T-Mobile, the self-coined “Un-carrier,” has made a point of addressing wireless customers’ biggest pain points. Its Un-carrier Next launch saw subscribers refunded the taxes and fees they normally pay on top of plan prices. T-Mobile’s KickBack, which launched earlier this year, doled out payments to subscribers who used 2GB of data or less a month. And now, the carrier wants to shake up how people buy new phones.
According to leaked documents obtained by Android Authority, T-Mobile will launch a service that reduces the price of top-tier phones like the Galaxy S8 and iPhone 7, which often retail for more than $650. It won’t be a contract deal — the marketing materials say its “commitment free” — and it’ll come with a lifetime warranty and insurance included. If you’ve broken a phone, want a new one, or have had enough and want to return it, you’ll be able to do so.
Android Authority expects the plan to launch in the third quarter of this year.
The new benefit appears aimed at subscribers who’d rather pay for new smartphones outright instead of in monthly installments. In 2015, AT&T, Verizon, and Sprint eliminated subsidized phone pricing — the discounts on devices offered in exchange for two-year commitments. The shift has some investors worried. In January, Wells Fargo Securities lowered its rating on Verizon in part because of “installment plan migrations.”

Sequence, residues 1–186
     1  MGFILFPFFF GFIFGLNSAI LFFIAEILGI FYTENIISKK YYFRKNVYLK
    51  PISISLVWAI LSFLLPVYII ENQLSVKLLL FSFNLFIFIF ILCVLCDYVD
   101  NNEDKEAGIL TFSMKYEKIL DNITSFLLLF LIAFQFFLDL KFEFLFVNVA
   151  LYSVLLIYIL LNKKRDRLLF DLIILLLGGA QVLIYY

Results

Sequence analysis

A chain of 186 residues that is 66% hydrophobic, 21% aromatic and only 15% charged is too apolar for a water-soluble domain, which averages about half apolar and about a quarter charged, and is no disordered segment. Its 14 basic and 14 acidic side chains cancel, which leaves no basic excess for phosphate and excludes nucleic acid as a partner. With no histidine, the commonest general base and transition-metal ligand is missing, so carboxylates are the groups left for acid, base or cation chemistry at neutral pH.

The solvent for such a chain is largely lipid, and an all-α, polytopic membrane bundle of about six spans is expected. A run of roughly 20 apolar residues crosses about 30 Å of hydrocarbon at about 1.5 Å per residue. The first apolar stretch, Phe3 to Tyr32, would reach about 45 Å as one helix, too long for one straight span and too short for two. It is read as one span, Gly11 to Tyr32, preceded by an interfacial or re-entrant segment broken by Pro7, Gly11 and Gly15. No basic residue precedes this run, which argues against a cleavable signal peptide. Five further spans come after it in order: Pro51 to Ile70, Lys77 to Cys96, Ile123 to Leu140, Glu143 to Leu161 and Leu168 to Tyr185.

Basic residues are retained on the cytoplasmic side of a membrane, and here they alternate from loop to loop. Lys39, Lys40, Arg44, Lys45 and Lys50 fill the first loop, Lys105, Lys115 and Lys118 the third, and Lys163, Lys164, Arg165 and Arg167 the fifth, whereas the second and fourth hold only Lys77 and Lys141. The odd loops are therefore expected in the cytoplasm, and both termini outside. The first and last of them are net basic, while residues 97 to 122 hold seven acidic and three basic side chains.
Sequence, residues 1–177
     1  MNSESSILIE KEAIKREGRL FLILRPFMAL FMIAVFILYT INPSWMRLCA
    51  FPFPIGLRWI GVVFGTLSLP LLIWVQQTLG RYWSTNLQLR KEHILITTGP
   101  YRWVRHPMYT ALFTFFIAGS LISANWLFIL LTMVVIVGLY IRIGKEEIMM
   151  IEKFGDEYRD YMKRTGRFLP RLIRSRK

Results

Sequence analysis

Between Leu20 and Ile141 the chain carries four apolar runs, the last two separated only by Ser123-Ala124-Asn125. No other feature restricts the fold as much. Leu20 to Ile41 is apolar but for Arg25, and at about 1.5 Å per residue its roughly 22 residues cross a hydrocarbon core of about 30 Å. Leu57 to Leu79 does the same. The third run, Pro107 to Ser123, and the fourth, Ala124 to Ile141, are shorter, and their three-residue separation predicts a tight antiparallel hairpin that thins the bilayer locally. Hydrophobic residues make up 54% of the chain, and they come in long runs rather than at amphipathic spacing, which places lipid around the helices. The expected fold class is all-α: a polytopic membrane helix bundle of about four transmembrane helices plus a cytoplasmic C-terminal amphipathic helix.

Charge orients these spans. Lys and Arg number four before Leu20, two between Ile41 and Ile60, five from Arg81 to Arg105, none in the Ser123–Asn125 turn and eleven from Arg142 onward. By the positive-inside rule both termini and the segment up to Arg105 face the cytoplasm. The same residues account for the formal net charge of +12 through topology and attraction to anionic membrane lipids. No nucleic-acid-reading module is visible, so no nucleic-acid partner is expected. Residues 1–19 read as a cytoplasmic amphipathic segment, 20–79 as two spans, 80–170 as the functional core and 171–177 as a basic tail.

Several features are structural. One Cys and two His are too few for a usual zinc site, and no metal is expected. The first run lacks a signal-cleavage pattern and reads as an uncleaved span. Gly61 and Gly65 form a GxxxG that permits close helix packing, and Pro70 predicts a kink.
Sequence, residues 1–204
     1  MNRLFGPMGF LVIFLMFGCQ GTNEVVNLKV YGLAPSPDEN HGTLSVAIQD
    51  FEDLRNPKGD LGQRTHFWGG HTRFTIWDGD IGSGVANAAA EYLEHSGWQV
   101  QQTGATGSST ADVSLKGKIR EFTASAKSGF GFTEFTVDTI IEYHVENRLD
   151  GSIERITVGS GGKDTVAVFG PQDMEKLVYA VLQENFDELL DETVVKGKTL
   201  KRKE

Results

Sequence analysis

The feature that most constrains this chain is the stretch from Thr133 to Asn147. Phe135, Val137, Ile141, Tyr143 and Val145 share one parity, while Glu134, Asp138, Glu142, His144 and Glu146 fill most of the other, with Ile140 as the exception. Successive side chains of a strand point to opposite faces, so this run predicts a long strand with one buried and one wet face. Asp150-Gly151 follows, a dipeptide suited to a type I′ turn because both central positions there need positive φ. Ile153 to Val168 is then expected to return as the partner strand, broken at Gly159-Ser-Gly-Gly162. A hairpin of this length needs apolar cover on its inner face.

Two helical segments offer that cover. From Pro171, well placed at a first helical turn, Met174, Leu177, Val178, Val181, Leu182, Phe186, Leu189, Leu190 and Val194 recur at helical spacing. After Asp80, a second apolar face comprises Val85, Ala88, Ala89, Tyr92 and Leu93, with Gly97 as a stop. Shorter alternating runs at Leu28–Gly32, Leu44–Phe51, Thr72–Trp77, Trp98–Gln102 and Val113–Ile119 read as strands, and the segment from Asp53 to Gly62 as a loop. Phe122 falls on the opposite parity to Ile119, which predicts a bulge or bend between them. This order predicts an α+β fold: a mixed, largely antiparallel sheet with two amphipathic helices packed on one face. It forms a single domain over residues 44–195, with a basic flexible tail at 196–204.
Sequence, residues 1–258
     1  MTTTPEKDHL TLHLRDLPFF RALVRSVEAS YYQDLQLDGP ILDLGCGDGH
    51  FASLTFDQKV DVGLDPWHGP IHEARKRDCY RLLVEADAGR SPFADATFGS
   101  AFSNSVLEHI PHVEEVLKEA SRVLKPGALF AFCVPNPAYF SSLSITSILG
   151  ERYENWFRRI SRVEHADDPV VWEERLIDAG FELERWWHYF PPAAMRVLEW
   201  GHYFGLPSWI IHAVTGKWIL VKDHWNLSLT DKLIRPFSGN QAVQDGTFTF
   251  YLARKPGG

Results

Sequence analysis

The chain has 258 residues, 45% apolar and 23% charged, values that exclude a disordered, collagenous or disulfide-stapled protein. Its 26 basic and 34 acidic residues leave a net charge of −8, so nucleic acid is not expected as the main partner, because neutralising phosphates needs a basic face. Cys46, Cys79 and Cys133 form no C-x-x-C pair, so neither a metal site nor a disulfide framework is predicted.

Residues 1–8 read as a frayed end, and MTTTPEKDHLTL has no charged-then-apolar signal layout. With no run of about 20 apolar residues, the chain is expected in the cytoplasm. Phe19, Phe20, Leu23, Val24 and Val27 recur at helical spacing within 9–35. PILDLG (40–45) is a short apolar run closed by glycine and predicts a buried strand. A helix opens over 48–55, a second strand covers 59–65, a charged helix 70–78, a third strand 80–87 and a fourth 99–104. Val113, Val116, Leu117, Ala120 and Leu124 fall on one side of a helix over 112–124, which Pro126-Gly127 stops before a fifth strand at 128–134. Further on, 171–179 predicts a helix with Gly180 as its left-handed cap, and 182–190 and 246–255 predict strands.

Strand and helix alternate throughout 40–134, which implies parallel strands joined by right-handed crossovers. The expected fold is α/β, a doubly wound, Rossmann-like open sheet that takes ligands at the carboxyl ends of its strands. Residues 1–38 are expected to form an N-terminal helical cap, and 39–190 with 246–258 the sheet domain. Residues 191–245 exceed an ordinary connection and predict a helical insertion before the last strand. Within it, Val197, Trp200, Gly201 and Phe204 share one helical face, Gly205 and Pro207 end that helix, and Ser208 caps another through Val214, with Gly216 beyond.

It’s unclear whether the new plan will join — or replace — Jump, T-Mobile’s early upgrade plan. A $9 to $12 fee (depending on the phone) each month allows you to trade in and upgrade your phone after 50 percent of the total cost is paid off, and includes insurance, theft, and accidental damage.
In some cases, Jump ends up being more expensive than buying a phone outright. If you turn in an iPhone 6S and get a new iPhone 7, for example, you’ll pay $1,069 after two years — about $200 more than the iPhone 7’s $900 asking price.
The rumored benefit comes on the heels of T-Mobile’s new One plan, which includes unlimited talk, unlimited texting, and unlimited 4G LTE data for $70. “Four years ago, we were talking about a trend in the industry,” T-Mobile chief John Legere said at the Consumer Electronics Show in January. “More than 70 percent of wireless customers say wireless plans are too complicated. They want simplicity.”
And it comes as T-Mobile makes costly upgrades to its network. In April, T-Mobile acquired low-band spectrum, the frequencies over which cellular signals travel, for $8 billion.
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